A hidden crisis: unravelling current failures for future success in rural groundwater supply

Lead Research Organisation: Makerere University
Department Name: Geology


Extending and sustaining access to safe and reliable water services remains central to improving the health and livelihoods of poor people, particularly women, in Africa. Here an estimated 350 million rural inhabitants still have no form of safe drinking water, and depend on poor quality unreliable sources for all their domestic needs. Improving access to water, and helping to achieve new international goals of universal access to safe water hinges on accelerated development of groundwater resources, usually through drilling boreholes and equipping them with handpumps. However, emphasis on new infrastructure has obscured a hidden crisis of failure, with >30% of new sources non-functional within 5-years and many more unreliable. This problem has remained stubbornly persistent over the last four decades, with little sign of sustained progress despite various interventions. Part of the reason for this continued failure is the lack of systematic investigations into the complex multifaceted reasons for failure and therefore the same mistakes are often repeated. The accumulated costs to governments, donors and above all rural people are enormous.
Addressing the functionality crisis requires a step-change in understanding of what continues to go wrong. The complex issue must be approached from a truly interdisciplinary viewpoint: combining innovative natural sciences to assess the availability of local water resources and how this changes with seasons and climate; with detailed social science research of how local communities function and make decisions about managing their infrastructure; and understanding of how the engineered structures can degenerate. Underlying these reasons for source failure may be other contributory factors, such as government incentives, the role of the donor community, or long term changes in the demand for water.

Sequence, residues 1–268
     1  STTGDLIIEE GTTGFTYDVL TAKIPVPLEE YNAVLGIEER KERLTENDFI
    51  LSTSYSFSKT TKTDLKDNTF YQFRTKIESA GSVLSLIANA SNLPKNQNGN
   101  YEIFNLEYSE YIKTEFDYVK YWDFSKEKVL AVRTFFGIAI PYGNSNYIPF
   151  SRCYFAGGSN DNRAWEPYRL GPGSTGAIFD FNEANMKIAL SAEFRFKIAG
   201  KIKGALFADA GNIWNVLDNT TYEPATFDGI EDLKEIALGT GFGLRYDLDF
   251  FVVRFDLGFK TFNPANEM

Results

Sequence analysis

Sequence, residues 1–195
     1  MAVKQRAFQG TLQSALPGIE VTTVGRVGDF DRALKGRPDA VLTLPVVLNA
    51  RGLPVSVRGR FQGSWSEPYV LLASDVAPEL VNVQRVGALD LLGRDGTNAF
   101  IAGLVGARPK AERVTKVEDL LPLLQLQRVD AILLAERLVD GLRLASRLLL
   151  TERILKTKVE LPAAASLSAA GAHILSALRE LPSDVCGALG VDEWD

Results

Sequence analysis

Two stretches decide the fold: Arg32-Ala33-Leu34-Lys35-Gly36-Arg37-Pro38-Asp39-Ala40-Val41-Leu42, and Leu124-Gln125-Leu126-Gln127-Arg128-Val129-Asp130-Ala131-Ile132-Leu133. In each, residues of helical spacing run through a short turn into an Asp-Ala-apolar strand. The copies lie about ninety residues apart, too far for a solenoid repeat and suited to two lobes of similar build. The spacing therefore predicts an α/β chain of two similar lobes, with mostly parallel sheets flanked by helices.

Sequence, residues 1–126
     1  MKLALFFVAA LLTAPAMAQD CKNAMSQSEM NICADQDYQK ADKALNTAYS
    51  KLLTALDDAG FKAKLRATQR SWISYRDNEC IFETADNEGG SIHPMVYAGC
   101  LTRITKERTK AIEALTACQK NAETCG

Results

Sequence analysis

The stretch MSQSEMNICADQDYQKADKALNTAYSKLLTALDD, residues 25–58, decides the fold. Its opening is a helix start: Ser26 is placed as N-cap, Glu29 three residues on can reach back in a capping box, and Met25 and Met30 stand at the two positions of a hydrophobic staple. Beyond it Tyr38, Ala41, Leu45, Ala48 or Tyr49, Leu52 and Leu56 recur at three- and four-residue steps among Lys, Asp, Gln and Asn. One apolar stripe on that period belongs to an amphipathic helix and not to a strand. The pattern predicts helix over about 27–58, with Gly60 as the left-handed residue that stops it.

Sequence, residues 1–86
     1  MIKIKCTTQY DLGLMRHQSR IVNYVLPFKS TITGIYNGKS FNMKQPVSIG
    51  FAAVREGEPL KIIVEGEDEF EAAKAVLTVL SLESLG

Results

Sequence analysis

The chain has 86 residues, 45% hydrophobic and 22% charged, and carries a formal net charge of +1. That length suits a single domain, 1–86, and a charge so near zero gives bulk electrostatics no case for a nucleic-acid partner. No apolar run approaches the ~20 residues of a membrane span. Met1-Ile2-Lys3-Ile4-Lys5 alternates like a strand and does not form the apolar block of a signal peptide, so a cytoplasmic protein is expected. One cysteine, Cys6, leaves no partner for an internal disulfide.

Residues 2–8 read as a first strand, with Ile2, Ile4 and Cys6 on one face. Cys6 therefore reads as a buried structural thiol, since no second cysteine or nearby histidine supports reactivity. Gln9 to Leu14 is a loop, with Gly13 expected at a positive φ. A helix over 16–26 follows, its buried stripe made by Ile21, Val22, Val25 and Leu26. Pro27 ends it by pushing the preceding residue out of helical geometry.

The overall aim of the project is to build a robust, multi-country evidence base on the causes of the unacceptably high rates of groundwater system and service failure and use this knowledge to deliver a step-change in future functionality. To achieve this aim, our research draws on a novel interdisciplinary approach using the latest thinking and techniques in both natural and social science and applies them to three African countries that have struggled for decades with service sustainability - Uganda, Ethiopia and Malawi. There are five main objectives:1.to provide a rigorous definition of functionality of water points which accounts for seasonality, quality and expectations of service; 2. to apply this new definition to Ethiopia, Uganda and Malawi to get a more realistic picture of water point functionality and therefore water coverage figures; 3. to investigate in detail 50 water points in each country by taking apart the water points and pumps, testing the local groundwater conditions, examining the renewability of groundwater and exploring in detail the local water committee; 4. we will also build on this information to forecast future rural water supply coverage by modelling the impact on water points of various potential future pathways; and 5. finally we will use all this information to develop an approach for building resilience into future rural water supply programmes and helping people decide when it is worth rehabilitating failed sources.